By: Mackenzie Pedersen, Staff Writer
What is it about serial killers that captivates us?
The FBI defines a ‘serial killer’ as having commited:
A series of three or more killings… having common characteristics such as to suggest the reasonable possibility that the crimes were committed by the same actor or actors.
People who are fascinated with such macabre* topics – like serial killers – occasionally feel guilty about it. These subjects are considered disturbing, and some find an interest in serial killers to be a ‘sick’ obsession. On the other hand, it is argued that humans’ captivation with these subjects, such as murder, is natural. It is part of human curiosity. Morbidity assists us in understanding the world. More so, a curiosity about morbidity provides an opportunity to understand how others view mortality and morality. Seeing a person’s reaction to morbid topics such as serial killers can provide an idea of what they believe is right or wrong. Furthermore, being interested in the macabre makes people feel stronger and better prepared. It is even suggested that this interest can help people accept death. Evidence of this can be found in the following youtube video:
Media has taken hold of our curiosity of serial killers.
The allure of serial killers has been heightened by the news, television, movies, and books. Some of the most famous examples include Criminal Minds, Silence of the Lambs, Dexter, and Mindhunter. However, the hype doesn’t stop there. Our captivation with serial killers is also fueled by the abundance of documentaries about these terrifying celebrities. Additionally, there are podcasts, as well as museum exhibits. There are plenty of opportunities to feed a person’s obsession. But, how much of what we see in the media is true?
The FBI states that the dramatizations of serial murder are:
“created to heighten the interest of audiences, rather than to accurately portray serial murder. By focusing on the atrocities inflicted on victims by “deranged” offenders, the public is captivated by the criminals and their crimes. This only lends more confusion to the true dynamics of serial murder.”
Over time, this confusion has led to myths of who serial killers are, and what they are like. For example, serial killers are not always loners. Serial killers are not only middle-aged white men either. Very often, according to the FBI, serial killers look like normal members of society. They have families, jobs, sometimes attend church, and blend in effortlessly. But this just adds to their allure.
Another misconception is that serial murders are sexually driven. But in reality, those who commit serial murders are motivated by a wide range of emotions. Motivating emotions include feelings that everyday people experience, such as anger, jealously, thrill, and wanting attention. Often, the disturbing actions are driven by financial gain.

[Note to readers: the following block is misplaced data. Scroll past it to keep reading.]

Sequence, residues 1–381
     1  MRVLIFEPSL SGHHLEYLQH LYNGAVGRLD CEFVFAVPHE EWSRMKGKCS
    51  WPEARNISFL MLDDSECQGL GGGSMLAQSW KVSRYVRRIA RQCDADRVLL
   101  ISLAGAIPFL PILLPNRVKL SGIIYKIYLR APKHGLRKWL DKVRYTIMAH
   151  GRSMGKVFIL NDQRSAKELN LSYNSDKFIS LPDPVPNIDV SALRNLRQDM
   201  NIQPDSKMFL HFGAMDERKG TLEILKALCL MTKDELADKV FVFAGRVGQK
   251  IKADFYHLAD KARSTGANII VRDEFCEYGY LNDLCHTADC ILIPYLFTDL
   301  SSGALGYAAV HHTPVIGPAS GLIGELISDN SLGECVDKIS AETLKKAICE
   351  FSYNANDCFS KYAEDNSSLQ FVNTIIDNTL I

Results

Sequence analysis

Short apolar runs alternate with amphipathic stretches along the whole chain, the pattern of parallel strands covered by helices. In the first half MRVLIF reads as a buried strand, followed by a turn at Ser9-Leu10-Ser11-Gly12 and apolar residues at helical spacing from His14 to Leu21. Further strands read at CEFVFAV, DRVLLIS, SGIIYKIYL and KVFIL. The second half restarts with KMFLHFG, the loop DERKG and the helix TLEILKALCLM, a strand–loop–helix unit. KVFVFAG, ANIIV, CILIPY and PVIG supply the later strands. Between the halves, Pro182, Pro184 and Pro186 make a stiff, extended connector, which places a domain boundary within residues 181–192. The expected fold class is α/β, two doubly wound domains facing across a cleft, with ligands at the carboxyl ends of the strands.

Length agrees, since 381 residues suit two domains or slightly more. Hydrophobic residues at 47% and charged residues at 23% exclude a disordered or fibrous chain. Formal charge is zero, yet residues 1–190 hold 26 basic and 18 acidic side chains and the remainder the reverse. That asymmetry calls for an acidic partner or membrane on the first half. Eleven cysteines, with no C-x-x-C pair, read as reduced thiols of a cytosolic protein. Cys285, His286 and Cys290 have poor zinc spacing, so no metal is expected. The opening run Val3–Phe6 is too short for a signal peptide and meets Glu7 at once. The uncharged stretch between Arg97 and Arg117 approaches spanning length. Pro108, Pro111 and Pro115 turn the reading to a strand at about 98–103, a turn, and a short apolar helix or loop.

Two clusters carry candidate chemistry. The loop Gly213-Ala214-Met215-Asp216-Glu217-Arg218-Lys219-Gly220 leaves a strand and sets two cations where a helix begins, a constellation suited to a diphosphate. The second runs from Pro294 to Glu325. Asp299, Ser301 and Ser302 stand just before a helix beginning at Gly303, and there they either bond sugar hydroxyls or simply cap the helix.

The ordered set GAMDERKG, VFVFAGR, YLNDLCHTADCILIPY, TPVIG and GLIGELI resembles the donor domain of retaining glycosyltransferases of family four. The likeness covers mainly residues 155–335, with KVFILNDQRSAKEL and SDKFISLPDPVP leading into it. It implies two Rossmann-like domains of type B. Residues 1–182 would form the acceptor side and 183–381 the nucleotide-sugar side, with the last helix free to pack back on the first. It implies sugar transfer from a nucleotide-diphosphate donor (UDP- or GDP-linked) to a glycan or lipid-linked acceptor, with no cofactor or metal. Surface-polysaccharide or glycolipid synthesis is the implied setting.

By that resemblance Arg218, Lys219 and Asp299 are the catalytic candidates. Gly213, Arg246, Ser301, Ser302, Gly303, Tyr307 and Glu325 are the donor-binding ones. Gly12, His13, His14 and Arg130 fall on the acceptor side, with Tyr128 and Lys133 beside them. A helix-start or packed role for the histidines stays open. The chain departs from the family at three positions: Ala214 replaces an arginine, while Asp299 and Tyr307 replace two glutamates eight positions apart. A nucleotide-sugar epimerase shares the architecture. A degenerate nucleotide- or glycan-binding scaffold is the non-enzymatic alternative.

As of 2015, there are roughly 25-50 ‘active’ serial killers at any point in the United States.
Of the roughly 15,000 victims who are murdered each year, only about 1% of those victims are killed by serial killers. So are people fascinated by serial killers because of their scarcity? Are people captivated because they have become numb to the excessive violence already in the media, and serial killers offer something even more shocking? Is the engrossment due to the need to find identifiable ‘evil’ in the world?
Perhaps this captivation is a need to demonize and control what is unknown. Serial killers force us to confront the fact that these are human beings, and yet they are able to do such ‘evil’ actions. We crave to understand serial killers because they seem to hide in plain sight within the community, but they bear this sense of ‘evil.’ Because of this, individuals strive to differentiate themselves from those who commit these atrocities. While we condemn their evil actions, we are fascinated by them. Curiosity compels individuals to ask ‘what drives someone to commit these terrible acts?’ and ‘what makes a person capable of doing this?’ Is paying attention to serial killers a way to make death feel real? Is it to create real ‘monsters’ in our world?
Stephen Kings theorizes that “we make up horrors to help us cope with the real ones.”
As one of the members of ‘True Crime’ one states in the video above, obsessing over Serial Killers is exciting but safe. This obsessing is safe because it’s happening to someone else at some other time. It doesn’t quite feel real, but provides an example of fantasy meeting reality. Our morbid curiosity has continued to grow and develop with time. True enthusiasts collect artifacts associated with particular murders. These types of memorabilia are coined ‘Murderibilia.’ This often includes, but is not limited to letters, artwork, personal items, locks of hair, and so much more. Enthusiasts sometimes write to those convicted of serial murder while they are in jail. Sometimes enthusiasts befriend them in correspondence or, if they are lucky, after they are released from prison.
No matter the method, a person’s fascination is all in an attempt to understand the simple question: ‘why?’
For those who are looking for more ways to learn about Serial Killers, I recommend listening to the Serial Killers Podcast by Parcast:
Macabre*: a subject centered around death.